An asteroid the size of an aircraft carrier is heading toward Earth and will fly by it closer than the moon on Tuesday, providing a rare observing opportunity to scientists, NASA said.


This radar image of asteroid 2005 YU55 was generated from data taken in April 2010 by the Arecibo Radar Telescope in Puerto Rico. Credit: NASA/Cornell/Arecibo

At the point of it nearest approach, asteroid 2005 YU55 will be within 201,700 miles (324,600 kilometers) of our home planet. However, there won't be any detectable effect on anything on Earth, including the planet's tides or tectonic plates, due to the asteroid's gravitational influence, the agency said.

Although asteroid 2005 YU55 is in an orbit that regularly brings it to the Earth's neighborhood, NASA said the 2011 encounter with Earth is the closest the space rock has come in at least 200 years.

"It is the first time since 1976 that an object of this size has passed this closely to the Earth. It gives us a great -- and rare -- chance to study a near-Earth object like this," astronomer Scott Fisher, a program director with the National Science Foundation, told Reuters.

Don Yeomans, a senior research scientist at NASA's Jet Propulsion Laboratory in Pasadena, Calif., said the asteroid's position and its orbit are well-known.

"There is no chance that this object will collide with the Earth or moon," Yeomans said.


NASA's 70-meter Deep Space Network antenna at Goldstone, Calif. (Credit: NASA/JPL-Caltech)

NASA scientists have already started tracking asteroid 2005 YU55, which is about 1,300 feet wide, with the massive 70-meter (230-foot) antenna at the agency's Deep Space Network at Goldstone, Calif. The extraterrestrial rock will continue to be tracked for at least four hours each day from Sunday to Nov. 10.

"Radar observations from the Arecibo Planetary Radar Facility in Puerto Rico will begin on Nov. 8, the same day the asteroid will make its closest approach to Earth at 3:28 p.m. PST," NASA said in a statement.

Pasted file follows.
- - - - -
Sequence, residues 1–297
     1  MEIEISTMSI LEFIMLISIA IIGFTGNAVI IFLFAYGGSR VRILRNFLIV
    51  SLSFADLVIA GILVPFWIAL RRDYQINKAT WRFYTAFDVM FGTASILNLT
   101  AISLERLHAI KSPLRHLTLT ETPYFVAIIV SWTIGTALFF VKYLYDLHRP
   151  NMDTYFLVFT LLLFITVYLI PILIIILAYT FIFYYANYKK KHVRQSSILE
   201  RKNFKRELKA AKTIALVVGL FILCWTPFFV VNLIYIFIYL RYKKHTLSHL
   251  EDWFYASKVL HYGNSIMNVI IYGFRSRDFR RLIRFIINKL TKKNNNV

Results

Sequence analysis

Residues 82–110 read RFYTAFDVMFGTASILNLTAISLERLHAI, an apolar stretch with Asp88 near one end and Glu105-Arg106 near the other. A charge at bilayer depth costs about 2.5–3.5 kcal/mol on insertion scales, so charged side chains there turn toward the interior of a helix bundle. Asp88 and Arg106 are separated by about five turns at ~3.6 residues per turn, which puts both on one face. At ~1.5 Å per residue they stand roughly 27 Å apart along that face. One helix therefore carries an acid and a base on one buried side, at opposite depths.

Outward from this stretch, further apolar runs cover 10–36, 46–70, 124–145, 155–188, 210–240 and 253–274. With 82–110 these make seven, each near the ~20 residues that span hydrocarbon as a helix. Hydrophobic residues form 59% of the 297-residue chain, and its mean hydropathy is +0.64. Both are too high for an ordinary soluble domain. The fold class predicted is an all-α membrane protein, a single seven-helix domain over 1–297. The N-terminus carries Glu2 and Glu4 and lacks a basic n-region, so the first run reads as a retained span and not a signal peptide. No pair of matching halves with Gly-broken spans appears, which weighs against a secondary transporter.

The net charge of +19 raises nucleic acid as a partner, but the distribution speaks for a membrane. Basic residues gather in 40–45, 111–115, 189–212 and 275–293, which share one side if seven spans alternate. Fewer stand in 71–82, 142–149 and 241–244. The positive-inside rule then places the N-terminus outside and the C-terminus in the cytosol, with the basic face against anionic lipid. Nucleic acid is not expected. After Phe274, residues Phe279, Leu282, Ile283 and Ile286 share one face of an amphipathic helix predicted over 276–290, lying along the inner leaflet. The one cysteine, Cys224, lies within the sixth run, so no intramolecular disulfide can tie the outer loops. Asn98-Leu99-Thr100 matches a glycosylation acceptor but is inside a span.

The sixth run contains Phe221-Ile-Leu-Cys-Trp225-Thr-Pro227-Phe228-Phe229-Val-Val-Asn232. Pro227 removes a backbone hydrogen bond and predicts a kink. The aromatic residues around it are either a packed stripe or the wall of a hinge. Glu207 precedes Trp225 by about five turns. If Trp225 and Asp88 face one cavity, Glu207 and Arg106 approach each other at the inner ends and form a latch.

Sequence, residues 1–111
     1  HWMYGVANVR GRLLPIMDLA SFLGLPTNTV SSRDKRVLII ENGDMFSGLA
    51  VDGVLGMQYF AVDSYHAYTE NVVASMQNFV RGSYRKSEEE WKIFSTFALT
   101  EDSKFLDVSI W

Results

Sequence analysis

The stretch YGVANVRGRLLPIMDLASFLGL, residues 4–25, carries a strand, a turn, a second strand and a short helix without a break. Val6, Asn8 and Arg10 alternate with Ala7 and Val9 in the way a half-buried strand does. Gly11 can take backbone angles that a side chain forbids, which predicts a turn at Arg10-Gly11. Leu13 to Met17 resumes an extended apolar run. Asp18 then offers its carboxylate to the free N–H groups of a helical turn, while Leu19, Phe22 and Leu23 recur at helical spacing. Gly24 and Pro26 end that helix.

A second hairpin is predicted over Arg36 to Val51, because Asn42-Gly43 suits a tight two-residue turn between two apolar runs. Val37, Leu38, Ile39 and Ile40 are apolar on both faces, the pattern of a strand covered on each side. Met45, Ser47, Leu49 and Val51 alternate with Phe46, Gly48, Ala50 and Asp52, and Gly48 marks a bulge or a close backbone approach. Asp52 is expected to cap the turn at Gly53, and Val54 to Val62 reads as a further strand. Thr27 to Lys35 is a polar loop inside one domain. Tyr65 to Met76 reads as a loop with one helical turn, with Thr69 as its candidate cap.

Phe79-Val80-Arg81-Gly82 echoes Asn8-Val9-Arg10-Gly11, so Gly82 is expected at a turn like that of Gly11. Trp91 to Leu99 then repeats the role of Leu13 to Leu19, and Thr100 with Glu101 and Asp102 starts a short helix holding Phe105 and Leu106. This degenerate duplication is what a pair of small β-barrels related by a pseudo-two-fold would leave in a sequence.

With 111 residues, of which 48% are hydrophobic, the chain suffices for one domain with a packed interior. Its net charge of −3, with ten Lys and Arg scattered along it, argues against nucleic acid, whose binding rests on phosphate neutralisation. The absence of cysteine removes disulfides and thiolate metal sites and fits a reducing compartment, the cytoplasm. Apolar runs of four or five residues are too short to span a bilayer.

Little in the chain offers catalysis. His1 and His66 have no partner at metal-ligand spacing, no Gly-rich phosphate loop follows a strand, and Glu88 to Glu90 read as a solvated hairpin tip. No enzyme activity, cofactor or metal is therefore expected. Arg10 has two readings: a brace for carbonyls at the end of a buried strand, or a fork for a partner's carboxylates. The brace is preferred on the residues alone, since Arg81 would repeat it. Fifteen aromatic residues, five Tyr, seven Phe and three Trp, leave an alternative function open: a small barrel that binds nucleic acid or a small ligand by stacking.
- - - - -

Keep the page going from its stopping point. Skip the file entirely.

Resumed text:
NASA scientists hope to obtain images of the asteroid from Goldstone as fine as about 7 feet (2 meters) per pixel. They expect that the images would reveal key details about the asteroid's surface features, shape, dimensions, and other physical properties.

Asteroid 2005 YU55 will be visible from the Earth's northern hemisphere. However, it will be too dim to be seen with the naked eye. And it will be moving too fast for viewing by the Hubble Space Telescope, according to a Reuters report.

"The best time to observe it would be in the early evening on November 8 from the East Coast of the United States," Yeomans said. "It is going to be very faint, even at its closest approach. You will need a decent-sized telescope to be able to actually see the object as it flies by."

According to NASA, asteroid 2005 YU55 is one of about 8,500 near-Earth objects to be cataloged to date. There will not be another known approach of an asteroid this large until 2028.

Thanks to the Arecibo Observatory, a ghostly image of the C-type asteroid with resolution of 7.5 meters (25 feet) per pixel has been generated as of now. The image has revealed that the asteroid is spinning slowly, with a rotation period of about 18 hours; its surface is blacker than charcoal at optical wavelengths; and it is likely made of carbon-based materials and some silicate rock.

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